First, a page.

Member since 19 Apr 2012
Total posts 713
Interesting on how QF will place the planes in late 2019, (assuming the next tranche of four later this year will include Bris-Chicago). Paris is certainly on the books, and possibly a second London flight (but less likely), and/or Frankfurt. I can also see Dallas move to a 789 as the current flights are a bit of over capacity (e.g moving to 6 days a week and are never full, at least when I am on them) and at times they fly back short quite a few seats (weight limitations). Can the 789 do Jo-Burg or Santiago?. If ETOPS not allowed Jo-Burg and Santiago will have to go A380s fewer days of the week. So one possibility is to have the six 789s being Sydney based and do DFW, San Francisco, Paris, and maybe Haneda, with the freed up A380s (after refurb) to Jo-burg, Santiago (4or 5 days a week each) Hong Kong and possibly Narita. I may not have enough planes for all of that. Further thoughts?
Member since 30 Jul 2015
Total posts 52
Qantas for the time being wont plan any more international flights out of perth, due to perth airports' unwillingness to allow more qantas international flights fly out of the qantas terminal and insists on qantas utilising the international terminal for any more international flights.
Qantas - Qantas Frequent Flyer
Member since 11 Dec 2017
Total posts 125
I personally don’t think they will ‘replace’ many more traditional 747 routes as opposed to augment them until the true replacement arrives... Hopefully this means we see additional Perth - Europe flights (Perth airport can’t play these games forever) and perhaps MEL - DFW.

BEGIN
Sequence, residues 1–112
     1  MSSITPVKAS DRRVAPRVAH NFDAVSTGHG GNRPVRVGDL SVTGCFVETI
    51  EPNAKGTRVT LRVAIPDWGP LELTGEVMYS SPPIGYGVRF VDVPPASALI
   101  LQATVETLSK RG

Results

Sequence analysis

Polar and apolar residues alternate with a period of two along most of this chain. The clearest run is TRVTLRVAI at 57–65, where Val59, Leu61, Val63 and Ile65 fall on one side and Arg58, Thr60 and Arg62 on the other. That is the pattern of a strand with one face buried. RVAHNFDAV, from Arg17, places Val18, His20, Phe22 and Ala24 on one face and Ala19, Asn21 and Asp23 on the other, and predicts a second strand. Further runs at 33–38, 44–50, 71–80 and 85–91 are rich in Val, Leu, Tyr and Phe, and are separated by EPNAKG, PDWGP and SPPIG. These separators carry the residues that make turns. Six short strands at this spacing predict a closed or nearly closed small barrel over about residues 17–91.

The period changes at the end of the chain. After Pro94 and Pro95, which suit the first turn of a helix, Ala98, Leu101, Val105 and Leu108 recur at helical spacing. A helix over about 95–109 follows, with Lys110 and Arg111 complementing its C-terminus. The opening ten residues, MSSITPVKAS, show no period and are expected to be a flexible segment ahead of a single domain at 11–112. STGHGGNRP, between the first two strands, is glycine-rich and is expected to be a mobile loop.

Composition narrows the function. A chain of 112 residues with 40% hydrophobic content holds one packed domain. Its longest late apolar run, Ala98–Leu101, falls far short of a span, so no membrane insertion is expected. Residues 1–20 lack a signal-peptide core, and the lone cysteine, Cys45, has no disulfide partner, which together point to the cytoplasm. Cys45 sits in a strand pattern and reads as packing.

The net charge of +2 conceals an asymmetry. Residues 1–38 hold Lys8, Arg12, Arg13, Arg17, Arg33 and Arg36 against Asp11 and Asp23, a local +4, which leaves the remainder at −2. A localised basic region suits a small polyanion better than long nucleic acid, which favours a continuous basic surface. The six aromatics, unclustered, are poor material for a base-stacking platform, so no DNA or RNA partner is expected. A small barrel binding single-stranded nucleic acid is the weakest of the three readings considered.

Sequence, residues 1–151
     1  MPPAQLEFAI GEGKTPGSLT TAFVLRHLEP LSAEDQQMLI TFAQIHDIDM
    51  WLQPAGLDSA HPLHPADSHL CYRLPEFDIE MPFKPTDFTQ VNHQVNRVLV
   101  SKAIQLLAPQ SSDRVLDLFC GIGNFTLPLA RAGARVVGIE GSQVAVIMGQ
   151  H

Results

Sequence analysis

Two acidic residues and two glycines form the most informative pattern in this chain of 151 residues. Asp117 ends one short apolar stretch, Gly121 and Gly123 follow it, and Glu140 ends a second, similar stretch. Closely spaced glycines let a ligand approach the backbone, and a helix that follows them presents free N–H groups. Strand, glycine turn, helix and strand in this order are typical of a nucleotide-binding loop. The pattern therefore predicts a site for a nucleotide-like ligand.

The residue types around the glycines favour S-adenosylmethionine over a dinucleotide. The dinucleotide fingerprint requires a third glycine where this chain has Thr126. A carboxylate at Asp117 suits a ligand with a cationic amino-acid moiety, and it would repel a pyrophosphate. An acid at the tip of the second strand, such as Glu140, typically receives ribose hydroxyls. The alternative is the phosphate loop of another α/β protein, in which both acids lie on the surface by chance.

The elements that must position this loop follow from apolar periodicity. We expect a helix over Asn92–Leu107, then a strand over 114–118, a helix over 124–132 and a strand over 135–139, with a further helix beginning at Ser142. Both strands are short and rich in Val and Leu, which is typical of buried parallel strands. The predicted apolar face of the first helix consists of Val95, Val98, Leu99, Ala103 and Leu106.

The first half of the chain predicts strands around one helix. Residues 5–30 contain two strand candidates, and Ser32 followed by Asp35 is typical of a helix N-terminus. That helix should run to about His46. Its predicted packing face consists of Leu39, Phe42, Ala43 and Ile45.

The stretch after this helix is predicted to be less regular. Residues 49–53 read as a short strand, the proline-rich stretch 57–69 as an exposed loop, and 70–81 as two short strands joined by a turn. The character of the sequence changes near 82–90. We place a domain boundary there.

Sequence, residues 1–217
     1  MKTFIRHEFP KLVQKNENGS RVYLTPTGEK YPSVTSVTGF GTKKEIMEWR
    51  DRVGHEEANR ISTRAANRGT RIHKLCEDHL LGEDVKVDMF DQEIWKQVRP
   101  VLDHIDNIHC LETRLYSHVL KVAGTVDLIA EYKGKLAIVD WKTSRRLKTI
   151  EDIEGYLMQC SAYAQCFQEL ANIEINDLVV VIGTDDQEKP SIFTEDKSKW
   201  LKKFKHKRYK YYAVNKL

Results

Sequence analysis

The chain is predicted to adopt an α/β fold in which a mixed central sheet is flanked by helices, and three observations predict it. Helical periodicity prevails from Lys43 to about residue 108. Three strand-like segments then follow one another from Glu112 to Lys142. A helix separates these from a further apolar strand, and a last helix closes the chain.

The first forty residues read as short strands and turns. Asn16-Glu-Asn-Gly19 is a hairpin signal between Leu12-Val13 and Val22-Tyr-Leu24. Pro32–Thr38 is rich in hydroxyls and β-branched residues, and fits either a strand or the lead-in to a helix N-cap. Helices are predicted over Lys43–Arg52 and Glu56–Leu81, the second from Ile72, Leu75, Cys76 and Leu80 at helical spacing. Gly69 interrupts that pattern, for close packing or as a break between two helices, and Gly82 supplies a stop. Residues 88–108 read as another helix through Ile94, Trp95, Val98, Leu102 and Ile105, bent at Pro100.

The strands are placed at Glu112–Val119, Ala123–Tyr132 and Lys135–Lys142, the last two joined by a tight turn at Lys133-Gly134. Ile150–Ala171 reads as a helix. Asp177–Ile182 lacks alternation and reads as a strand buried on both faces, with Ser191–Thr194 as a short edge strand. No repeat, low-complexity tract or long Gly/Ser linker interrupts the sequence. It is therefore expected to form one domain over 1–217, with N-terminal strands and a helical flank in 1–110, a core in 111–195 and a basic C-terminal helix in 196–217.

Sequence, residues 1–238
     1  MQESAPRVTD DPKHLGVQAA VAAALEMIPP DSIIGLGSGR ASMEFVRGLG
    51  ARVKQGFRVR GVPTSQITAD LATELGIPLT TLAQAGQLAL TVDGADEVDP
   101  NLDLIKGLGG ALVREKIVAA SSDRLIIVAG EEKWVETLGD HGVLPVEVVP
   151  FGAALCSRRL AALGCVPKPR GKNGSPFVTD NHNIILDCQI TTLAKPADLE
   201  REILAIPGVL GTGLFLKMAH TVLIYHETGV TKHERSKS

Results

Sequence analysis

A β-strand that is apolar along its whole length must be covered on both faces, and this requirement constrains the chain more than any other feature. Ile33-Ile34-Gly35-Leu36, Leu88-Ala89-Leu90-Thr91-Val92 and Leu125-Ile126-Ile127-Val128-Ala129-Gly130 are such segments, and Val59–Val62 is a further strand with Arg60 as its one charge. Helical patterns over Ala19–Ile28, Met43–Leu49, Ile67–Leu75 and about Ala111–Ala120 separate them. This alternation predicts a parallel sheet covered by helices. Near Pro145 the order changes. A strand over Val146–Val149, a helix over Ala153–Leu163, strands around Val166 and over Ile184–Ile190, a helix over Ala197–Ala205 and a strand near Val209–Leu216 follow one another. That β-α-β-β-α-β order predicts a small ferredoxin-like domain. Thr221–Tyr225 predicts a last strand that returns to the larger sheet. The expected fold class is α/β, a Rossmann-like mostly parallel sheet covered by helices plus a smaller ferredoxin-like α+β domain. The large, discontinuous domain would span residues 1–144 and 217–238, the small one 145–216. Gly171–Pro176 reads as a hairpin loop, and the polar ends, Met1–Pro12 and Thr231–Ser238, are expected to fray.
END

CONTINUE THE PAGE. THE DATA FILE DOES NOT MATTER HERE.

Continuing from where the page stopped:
It’s worth noting that Qantas is playing coy at the moment with it’s fleet plans, in fact - I imagine you won’t hear too much from that department until the 777X (whoops, I mean Project Sunrise 😉) orders are announced! I know it looks like 14 789s are replacing the 10 744s but there appears to be a much larger plan at play to turn a gas guzzling international outfit into a fleet of modern twinjets.
What I’m ultimately hoping to see is a net increase in seats achieved by diversifying QFs current destinations. For example, instead of a straight swap of 744 to 789 on the JNB route they could use the smaller aircraft on both JNB and CPT. Such an operation would require QF to order over two dozen widebodies in the coming years, but without an increase in service frequency or added destinations QF will essentially reject a very good opportunity to reestablish it’s dominance in the international market.